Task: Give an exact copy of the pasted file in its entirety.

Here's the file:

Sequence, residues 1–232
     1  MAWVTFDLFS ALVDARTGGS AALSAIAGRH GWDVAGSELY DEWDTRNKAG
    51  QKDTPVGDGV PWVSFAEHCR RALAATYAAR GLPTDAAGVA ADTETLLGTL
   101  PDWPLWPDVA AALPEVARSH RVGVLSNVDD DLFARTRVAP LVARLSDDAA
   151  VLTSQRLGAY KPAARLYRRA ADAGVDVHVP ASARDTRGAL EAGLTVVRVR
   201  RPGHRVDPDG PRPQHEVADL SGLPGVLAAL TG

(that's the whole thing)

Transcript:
Sequence, residues 1–232
     1  MAWVTFDLFS ALVDARTGGS AALSAIAGRH GWDVAGSELY DEWDTRNKAG
    51  QKDTPVGDGV PWVSFAEHCR RALAATYAAR GLPTDAAGVA ADTETLLGTL
   101  PDWPLWPDVA AALPEVARSH RVGVLSNVDD DLFARTRVAP LVARLSDDAA
   151  VLTSQRLGAY KPAARLYRRA ADAGVDVHVP ASARDTRGAL EAGLTVVRVR
   201  RPGHRVDPDG PRPQHEVADL SGLPGVLAAL TG